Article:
Genocide Watch uses a ten stage model of the processes that lead to genocide. They are not linear. Many of them occur simultaneously. But they provide a logical model for seeing the early warning signs and understanding how to prevent genocide by countering each stage.
1. Classification divides the society into “us” versus “them.” The Rohingya and Kachin are classified as non-Burmese ethnic groups, with religions other than Buddhism. Most Rohingya are denied citizenship. The 1982 Citizenship Law holds that only members of the 135 groups named in the law that were deemed to be in Burma prior to 1824 can be citizens.
2. Symbolization provides ways to identify the groups. Rohingya and Kachin speak their own languages, have their own clothing, and have their own places of worship. The identity cards that Rohingya once held were taken away in 1989, and new ID’s have only been issued to around 4000 Rohingyas on the condition that they say they are “Bengali,” validating the government’s false narrative that they are immigrants from Bangladesh.
3. Discrimination against Rohingya includes denial of government jobs, health care, education, and confiscation of land and property.
4. Dehumanization includes propaganda that Rohingya are jihadists, terrorists, murderers, and thieves. The leader of the 969 Movement, Monk Ashin Wirathu, has said that he wants to lead a campaign to purge Burma of all Muslims -“starve them to death, make them homeless.” He was jailed for his involvement in burning alive an entire Muslim family -a well-to-do grocer and a Haj returnee- in his birthplace.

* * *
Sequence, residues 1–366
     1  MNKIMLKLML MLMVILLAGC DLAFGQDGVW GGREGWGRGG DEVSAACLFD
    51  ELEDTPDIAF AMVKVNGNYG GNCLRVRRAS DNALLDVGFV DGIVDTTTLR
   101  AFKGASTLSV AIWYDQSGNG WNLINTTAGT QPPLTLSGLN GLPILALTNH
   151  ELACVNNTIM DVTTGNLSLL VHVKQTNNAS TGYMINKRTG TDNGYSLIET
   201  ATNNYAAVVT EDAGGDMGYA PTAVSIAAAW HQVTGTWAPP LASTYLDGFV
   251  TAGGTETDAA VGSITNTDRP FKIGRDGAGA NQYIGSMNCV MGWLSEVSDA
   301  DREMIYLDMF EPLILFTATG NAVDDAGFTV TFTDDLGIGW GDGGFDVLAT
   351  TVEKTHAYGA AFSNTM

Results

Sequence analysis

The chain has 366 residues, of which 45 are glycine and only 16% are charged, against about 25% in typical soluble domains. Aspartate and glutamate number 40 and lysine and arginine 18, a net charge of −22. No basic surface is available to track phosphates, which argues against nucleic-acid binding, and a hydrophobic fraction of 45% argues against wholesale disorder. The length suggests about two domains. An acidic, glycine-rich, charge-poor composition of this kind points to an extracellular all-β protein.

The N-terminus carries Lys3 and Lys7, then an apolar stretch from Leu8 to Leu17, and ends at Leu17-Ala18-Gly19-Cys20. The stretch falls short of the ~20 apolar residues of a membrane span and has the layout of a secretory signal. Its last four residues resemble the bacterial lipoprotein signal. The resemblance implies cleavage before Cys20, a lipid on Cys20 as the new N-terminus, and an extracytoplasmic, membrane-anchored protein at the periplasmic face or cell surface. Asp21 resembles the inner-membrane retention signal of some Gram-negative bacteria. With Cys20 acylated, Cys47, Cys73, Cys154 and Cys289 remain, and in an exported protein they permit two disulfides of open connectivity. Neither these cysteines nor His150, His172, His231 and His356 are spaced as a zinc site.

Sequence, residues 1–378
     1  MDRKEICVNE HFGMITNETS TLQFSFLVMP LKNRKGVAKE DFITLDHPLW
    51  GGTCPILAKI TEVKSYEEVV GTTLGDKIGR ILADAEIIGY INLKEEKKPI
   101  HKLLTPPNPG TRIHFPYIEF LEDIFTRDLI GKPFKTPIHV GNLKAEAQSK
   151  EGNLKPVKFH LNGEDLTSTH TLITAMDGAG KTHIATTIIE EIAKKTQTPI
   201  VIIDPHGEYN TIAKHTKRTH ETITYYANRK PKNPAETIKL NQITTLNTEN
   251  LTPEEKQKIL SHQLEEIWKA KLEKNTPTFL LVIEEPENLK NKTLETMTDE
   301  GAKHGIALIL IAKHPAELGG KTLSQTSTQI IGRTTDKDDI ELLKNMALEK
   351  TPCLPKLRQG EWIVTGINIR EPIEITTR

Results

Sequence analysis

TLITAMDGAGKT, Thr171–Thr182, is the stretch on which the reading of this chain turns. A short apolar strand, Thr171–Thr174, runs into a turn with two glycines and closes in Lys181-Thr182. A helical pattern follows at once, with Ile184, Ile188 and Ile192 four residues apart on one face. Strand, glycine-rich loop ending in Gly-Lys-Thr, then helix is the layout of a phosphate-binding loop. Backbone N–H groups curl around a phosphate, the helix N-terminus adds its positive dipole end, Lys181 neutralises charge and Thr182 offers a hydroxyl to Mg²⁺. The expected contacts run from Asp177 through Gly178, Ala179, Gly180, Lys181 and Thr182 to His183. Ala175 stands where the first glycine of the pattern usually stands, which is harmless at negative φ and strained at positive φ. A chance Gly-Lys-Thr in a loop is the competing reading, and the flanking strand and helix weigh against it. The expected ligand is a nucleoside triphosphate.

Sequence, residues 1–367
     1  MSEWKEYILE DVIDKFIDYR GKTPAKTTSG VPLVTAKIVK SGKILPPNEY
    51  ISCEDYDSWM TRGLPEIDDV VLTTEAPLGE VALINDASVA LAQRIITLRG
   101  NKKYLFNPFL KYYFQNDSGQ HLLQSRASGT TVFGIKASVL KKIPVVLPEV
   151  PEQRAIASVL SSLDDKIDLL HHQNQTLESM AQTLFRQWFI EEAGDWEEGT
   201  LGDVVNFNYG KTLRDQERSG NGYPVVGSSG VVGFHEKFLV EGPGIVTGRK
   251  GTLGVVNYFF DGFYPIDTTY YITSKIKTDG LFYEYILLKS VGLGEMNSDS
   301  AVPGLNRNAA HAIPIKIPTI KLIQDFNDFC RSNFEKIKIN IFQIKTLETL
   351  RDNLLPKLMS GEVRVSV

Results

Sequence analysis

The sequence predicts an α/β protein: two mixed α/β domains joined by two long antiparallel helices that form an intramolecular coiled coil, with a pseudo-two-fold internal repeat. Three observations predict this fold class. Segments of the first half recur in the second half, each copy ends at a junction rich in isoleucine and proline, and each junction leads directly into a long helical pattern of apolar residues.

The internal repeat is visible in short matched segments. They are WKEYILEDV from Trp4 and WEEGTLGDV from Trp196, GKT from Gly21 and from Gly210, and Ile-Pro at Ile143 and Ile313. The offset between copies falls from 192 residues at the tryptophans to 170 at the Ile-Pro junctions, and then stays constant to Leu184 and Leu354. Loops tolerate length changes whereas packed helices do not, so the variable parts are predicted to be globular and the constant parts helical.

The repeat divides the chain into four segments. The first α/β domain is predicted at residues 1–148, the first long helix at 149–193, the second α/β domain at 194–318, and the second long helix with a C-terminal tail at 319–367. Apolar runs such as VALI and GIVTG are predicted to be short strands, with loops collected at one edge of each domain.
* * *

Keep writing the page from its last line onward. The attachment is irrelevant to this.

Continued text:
5. Organization includes the 969 movement, extremist orders of monks, and the Tatmadaw government army and police. They carry out the murders and disappearances, torture, rapes, and arson of Rohingya villages.
6. Polarization has resulted in creation of concentration camps for Rohingyas and separation of them from the Rakhine Buddhist population.
7. Preparation has included planning for aggression and arson against Rohingya villages, and recently the buildup and invasion by large numbers of Tatmadaw troops in Rakhine state, with trucks and heavy weapons.
8. Persecution [itself a crime against humanity] has included forcing the Rohingya into concentration camps, denying them medical care, food, and water, torture, and mass rape. Many Rohingya have fled in rickety boats and large numbers have drowned while fleeing.
9. Genocidal massacres have resulted in thousands of deaths. Starvation and death from disease in concentration camps, especially of children and the elderly, have cost thousands of lives. Births are restricted through limits on family size to two children. Others cannot get birth certificates, a violation of the Convention on the Rights of the Child, to which Myanmar is a state-party.
10. Denial permeates government statements, including the statements of Aung San Suu Kyi. The UN Commission of Inquiry, UN Special Rapporteur and other neutral observers have been barred from the country.